It would appear that, over the last ten days, I have bought quite a lot of souvenirs. I don't remember my bag being this heavy when I started this holiday however, luckily, It was only a five minute walk to the station. Once there I walked straight through and into the attached 1950's shopping centre where I found a bench to sit, look through my photos and write part of this blog.
All to soon it was time to get my train. I packed up my stuff and went to the appropriate platform. Once boarded, I noticed that the carriage was hardly full therefore, I sat down with no one next to me hoping that my next train journey would be the same. Due to it being pitch black outside I got out my book and continued to read.
I am enjoying the 'Girl with the dragoon tattoo' however, the chapters aren't half long. It was only a fifty minute train ride however, I stopped reading after a chapter in fear of having to stop midway through another. Once I'd finished reading, it wasn't long before Sapporo came into view. I got my stuff ready as I had one final 'tourist thing' I wanted to do before heading home and, I only had two hours to do it in.
As soon as the doors opened I was off the train like a shot. I found a locker to store all of my stuff, bar my camera and tri-pod, and off I went into the night. This was my fourth visit to Sapporo therefore, it's streets were no stranger to me. I made it to Sapporo's central parks and noticed that it had only taken ten minutes to walk here. I therefore calculated that I had a maximum of forty minutes around Sapporo's parks (photographing at will), giving me ten minutes to get back to the station with a further hour to get my bags, do a bit of last minute shopping and find my train which would take me home. I therefore slowed down a little, took in the night air and allowed my camera to work.
Sapporo's TV tower was lit up beautifully; after taking many photos of it, some beer gardens and four posh – but rather noisy – super cars I walked as quickly as I could to the other end of Sapporo's central parks. You see; when I was here ten days ago (has it really been that long?) I photographed a beautiful old building - with some beautiful gardens in front of it – to death. I could only imagine what it would look like at night therefore, I raced there only to find disappointment. The building wasn't lit up at all; worst still, the hike had cost me my remaining time therefore, I headed back to the train station glad I'd made the effort to see Sapporo at night however, I found myself less than 'bowled-over' by it due to the lack of things illuminated.
I reached the train station five minutes later than I'd planned. It mattered not; I bought myself some 'Royce' chocolate before getting my bags out of the locker. Once on the platform, it wasn't long before my night train arrived to whisk me away from this beautiful island and back to the harsh reality of trying to teach Japanese children a second language. As I boarded the train I took one last look at Sapporo's 'platform 4'.
This being the holiday season the whole train was packed. When the guy – who had reserved the seat next to mine - finally arrived, it seemed as though he realised that spending the whole day worshipping the god Imhotep - and giving sacrifice - so that there would be no passenger sat beside him had been for nothing. I wasn't particularly happy about the situation either and yet, he couldn't have looked more disgusted. This young looking, glass wearing, sandal walking Japanese bloke sat next to me and we said a total of zero words to each other. I didn't care; I ate a few of my new chocolates before placing an eye mask over my face with the aim of trying to fall asleep.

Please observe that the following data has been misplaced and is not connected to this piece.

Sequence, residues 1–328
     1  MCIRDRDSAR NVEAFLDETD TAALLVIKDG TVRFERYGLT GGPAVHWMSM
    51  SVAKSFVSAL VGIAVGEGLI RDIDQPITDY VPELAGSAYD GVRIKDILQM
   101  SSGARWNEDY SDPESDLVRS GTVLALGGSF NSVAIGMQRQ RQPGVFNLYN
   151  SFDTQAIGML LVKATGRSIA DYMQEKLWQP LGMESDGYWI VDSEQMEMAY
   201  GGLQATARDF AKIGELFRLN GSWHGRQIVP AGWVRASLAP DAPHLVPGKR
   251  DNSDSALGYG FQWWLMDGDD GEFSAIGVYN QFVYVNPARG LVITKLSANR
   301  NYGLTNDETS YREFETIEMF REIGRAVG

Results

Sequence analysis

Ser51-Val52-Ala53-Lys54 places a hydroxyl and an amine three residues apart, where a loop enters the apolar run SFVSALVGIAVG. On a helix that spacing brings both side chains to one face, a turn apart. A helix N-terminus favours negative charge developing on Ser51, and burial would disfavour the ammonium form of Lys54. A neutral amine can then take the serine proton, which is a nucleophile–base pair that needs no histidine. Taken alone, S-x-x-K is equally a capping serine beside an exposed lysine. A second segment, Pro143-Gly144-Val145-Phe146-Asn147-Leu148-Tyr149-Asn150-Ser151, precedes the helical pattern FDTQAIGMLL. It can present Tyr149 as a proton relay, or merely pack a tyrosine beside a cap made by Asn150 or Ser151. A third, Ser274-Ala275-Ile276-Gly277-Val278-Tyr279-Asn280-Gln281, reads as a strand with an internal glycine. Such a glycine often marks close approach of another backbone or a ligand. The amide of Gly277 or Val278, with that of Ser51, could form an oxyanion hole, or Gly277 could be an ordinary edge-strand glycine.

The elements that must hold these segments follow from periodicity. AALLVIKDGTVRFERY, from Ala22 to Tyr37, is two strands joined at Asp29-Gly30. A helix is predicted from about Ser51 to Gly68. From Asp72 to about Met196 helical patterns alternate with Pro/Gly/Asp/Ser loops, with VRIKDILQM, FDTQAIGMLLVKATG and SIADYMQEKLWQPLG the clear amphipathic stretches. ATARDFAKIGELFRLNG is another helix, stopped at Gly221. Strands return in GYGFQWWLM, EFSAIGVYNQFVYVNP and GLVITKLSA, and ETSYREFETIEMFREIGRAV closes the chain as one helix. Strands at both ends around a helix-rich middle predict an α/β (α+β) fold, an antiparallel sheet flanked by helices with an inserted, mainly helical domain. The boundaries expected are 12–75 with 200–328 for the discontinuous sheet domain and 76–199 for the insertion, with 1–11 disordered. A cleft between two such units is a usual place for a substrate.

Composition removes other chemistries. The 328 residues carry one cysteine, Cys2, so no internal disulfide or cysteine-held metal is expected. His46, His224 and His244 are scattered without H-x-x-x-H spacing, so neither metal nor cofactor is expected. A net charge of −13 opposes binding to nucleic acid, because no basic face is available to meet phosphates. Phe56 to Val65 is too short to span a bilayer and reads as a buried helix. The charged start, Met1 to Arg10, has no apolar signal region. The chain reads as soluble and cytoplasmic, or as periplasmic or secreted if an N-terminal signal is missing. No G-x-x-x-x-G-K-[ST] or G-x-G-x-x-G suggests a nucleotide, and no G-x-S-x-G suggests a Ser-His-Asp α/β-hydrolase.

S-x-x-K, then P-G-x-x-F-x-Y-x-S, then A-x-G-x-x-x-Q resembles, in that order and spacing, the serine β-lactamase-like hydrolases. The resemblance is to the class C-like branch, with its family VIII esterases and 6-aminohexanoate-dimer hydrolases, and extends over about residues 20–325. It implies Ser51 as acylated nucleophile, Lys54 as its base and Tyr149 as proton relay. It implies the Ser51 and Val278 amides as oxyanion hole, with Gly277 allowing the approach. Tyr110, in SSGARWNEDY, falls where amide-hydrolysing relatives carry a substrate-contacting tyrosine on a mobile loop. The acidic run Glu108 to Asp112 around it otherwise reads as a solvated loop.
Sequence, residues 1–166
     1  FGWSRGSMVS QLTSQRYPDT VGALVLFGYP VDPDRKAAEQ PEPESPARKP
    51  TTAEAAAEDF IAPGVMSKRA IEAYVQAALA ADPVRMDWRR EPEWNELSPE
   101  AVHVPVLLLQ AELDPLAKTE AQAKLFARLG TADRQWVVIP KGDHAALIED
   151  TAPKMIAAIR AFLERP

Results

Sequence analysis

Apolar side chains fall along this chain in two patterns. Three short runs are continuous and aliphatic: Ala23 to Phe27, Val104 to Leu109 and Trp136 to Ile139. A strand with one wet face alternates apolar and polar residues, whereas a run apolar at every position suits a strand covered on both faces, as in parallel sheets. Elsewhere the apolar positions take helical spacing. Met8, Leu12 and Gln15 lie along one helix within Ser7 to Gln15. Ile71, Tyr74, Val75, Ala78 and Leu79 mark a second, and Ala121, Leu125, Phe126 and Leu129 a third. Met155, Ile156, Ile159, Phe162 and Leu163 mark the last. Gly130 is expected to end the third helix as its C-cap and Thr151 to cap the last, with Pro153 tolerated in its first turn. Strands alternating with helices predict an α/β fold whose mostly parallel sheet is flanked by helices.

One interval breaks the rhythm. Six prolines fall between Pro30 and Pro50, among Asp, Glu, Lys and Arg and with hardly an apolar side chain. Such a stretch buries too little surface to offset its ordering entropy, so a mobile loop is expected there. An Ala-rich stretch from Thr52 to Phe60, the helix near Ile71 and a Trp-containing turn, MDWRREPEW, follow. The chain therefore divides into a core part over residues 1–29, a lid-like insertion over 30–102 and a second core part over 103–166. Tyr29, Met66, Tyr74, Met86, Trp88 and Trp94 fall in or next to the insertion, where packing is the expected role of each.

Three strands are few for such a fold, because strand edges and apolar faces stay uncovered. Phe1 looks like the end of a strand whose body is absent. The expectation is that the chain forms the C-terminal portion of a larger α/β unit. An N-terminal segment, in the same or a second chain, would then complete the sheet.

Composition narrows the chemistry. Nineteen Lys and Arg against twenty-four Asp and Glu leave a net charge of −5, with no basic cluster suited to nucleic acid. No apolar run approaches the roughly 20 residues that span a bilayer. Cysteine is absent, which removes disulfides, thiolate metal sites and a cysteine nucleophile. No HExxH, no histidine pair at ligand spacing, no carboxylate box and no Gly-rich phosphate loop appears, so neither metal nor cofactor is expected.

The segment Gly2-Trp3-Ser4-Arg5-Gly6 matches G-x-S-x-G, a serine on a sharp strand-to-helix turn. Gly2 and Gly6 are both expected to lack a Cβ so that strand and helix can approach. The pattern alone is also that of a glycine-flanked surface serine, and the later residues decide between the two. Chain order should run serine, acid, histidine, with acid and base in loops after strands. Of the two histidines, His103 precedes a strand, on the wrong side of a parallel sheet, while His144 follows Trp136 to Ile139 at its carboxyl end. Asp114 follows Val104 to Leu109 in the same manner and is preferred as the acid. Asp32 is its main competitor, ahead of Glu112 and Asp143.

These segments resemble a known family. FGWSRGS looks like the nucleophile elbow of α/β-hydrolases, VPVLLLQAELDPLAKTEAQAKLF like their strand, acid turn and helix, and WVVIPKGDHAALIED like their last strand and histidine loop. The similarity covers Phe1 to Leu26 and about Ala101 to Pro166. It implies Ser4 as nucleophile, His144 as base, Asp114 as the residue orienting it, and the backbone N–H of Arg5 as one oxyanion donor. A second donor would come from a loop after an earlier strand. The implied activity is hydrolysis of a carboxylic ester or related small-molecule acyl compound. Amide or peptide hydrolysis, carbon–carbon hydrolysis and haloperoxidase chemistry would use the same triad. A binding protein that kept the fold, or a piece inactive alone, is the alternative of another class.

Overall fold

For those 'one otter around the world' hard-core fans, you will of course remember the excruciating pain I received the last time I took the night train back home from Sapporo (Snow festival 2013). Though this train was from the same era as the other one, there seemed to be more leg room therefore, when I opened my eyes at 5:30am, I noticed that I'd managed to get a good five hours of sleep … off and on. With only forty-five minutes until the train arrived at it's terminus I gazed out into the morning light and noticed, every-so-often, that groups of Japanese men had gathered to take photos of the train I was travelling on. Now, not for one second did I mock them however, I did wonder why. Was the train I was on special? Was this it's last run? I had no idea what the answers to these questions where; all I knew is that I must have seen at least twelve groups of between two and eight people on my way to Aomori's train station.
Once at Aomori's train station I noticed that guys were still taking photos. I had no time to ponder the above questions as I had to, not only change trains, but I also had to change stations as well. You see, this train brought me too Aomori's central station whereas, I wanted it's Shinkansen station. As you would expect the transfer was faultless and I boarded my Shinkansen train in less than twelve minutes. Once on board I opened my book as nothing new could be seen from the window however, I did raise an eye when Morioka – my old main city where I have spent a lot of time – came into view.
Once past Morioka it wasn't long before my train was heading into Sendai station. I alighted, happy to find that the sweltering heat had disappeared and a reasonable temperature had taken it's place. I proceeded down isles and through ticket barriers I last went through sixteen days ago (I could hardly believe it) until I reached my usual platform. Having used this 'Tagajo train' a billion times there was nothing much to report. All I will say is that, once I had alighted in Tagajo, it dawned on me that this ugly grey town will never feel like home. You see; previously I lived in Miyako, Iwate and there was a 'homely' feeling to it. I can't explain it but, after one of my many previous holidays there was a feeling - when I entered my old apartment in Miyako - which I did not feel entering my apartment in Tagajo. It was all rather mundane as I did a quick sweep for bugs - who'd squatted here over the last sixteen days - unpacked and filled up my fridge. The rain was pouring down outside and I was glad; Tagajo maybe sad to see me but, in truth, I was sad to see it too.
Next time: September … Japanese F1!